A reader writes in, asking:
“This is my first time having to file a tax return since getting a ‘real job’ and my head is spinning. Should I hire a CPA to do my taxes or is it better to use software for it myself? I’ve read that Turbotax guarantees the highest refund possible. Is it really better than hiring a CPA?”
Without a doubt, using a tax professional is the most reliable way to get the lowest tax bill. A key point here is that tax professionals use tax preparation software too, so using such software yourself does not provide you with any advantage over a professional.
That said, there are valid reasons for taking a DIY approach. Most obviously, you save on fees. Buying a download of TurboTax or other similar software certainly costs less than hiring a professional.
More importantly in my opinion though is that by preparing your own return for the first time, you’ll learn quite a bit about how income taxes work.
In my work, I frequently come across people who have been paying income taxes for decades, yet they don’t understand even the most basic income tax concepts (e.g., they misunderstand how tax brackets work, or they don’t know the difference between a deduction and a credit). Every year, they simply turn over all of their documents to somebody else who prepares their return, and so they go years without learning these things. Naturally, it’s impossible to make very good decisions about tax planning when you don’t understand the fundamental concepts.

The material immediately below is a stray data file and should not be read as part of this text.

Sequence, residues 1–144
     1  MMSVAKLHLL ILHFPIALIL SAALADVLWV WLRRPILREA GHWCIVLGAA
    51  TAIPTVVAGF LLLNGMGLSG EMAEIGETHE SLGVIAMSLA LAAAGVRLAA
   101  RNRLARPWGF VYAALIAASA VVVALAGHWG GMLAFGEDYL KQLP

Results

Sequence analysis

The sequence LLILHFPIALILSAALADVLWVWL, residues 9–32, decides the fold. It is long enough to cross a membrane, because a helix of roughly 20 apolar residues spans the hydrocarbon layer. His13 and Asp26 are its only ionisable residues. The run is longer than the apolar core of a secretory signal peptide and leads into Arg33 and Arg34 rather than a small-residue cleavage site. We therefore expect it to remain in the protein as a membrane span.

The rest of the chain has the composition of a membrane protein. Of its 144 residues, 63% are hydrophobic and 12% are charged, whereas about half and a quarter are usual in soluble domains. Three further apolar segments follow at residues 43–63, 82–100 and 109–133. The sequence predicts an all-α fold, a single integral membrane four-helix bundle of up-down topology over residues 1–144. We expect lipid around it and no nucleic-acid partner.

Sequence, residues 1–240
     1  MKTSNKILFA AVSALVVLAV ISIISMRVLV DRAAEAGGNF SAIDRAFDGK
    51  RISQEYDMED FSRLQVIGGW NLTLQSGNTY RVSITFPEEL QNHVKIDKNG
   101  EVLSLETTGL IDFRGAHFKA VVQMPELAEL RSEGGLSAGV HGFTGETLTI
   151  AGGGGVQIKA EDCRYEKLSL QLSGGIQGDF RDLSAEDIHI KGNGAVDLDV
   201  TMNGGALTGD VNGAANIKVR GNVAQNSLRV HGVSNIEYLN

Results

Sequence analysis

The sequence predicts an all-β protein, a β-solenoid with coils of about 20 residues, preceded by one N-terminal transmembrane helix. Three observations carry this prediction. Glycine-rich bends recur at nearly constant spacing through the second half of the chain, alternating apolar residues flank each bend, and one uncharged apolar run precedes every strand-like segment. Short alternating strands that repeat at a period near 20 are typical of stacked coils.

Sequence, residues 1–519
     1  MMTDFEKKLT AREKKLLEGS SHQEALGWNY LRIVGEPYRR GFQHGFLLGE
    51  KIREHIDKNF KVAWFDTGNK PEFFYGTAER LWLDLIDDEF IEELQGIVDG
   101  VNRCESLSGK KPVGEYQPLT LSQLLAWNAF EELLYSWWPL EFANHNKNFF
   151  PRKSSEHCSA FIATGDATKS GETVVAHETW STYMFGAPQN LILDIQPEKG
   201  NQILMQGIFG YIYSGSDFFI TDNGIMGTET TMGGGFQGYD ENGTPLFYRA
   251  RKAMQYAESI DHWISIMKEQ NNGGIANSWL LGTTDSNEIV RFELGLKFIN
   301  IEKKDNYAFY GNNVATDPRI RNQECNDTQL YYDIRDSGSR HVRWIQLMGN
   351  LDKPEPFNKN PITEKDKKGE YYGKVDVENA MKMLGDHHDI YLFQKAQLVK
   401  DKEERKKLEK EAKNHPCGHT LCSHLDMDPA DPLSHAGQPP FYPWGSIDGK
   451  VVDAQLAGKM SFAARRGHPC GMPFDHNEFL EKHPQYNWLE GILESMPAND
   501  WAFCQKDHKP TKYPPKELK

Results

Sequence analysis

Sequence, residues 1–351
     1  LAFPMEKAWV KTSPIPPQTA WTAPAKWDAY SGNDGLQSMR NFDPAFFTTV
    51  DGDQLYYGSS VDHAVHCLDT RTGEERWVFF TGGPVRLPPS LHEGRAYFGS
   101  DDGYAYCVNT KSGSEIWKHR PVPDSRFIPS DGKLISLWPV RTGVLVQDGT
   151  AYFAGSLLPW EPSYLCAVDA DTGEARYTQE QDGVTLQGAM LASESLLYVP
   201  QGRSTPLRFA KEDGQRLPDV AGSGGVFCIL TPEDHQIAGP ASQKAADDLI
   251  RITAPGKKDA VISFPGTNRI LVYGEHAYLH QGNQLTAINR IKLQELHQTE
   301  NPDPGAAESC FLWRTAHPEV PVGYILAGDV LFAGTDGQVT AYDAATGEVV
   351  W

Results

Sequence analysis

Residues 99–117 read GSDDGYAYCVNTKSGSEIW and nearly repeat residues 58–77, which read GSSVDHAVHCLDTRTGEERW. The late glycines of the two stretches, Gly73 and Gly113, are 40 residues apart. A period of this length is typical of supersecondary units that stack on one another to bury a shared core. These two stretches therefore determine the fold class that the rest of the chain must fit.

In addition to allowing you to make smarter financial decisions, having a better understanding of income taxes allows you to be a more well-informed voter. It’s very common for politicians to propose various changes to our tax code (e.g., creating a new deduction or credit, or eliminating/changing an existing deduction or credit). If you don’t understand how the system works now, you can’t really understand the impact of proposed changes.
My point here isn’t that everybody should be preparing their own tax returns. It depends on your goals, and it depends on how complicated your return is. (If you’re already at the point where you have investments in taxable accounts, you itemize your deductions, and you have income from a rental property, then it’s going to be quite a challenge to prepare your own tax return if you’ve never prepared a return before.)
In summary, if you want to learn more about income taxes, you want to save on tax prep fees, and/or your return isn’t too complicated, those are all points in favor of preparing your own return. But it’s unlikely that your tax bill will be lower as a result of taking a DIY approach rather than hiring a professional. In most cases, the outcome that you’re hoping for with a DIY approach is that your return will turn out exactly the same as it would have if a professional had prepared it.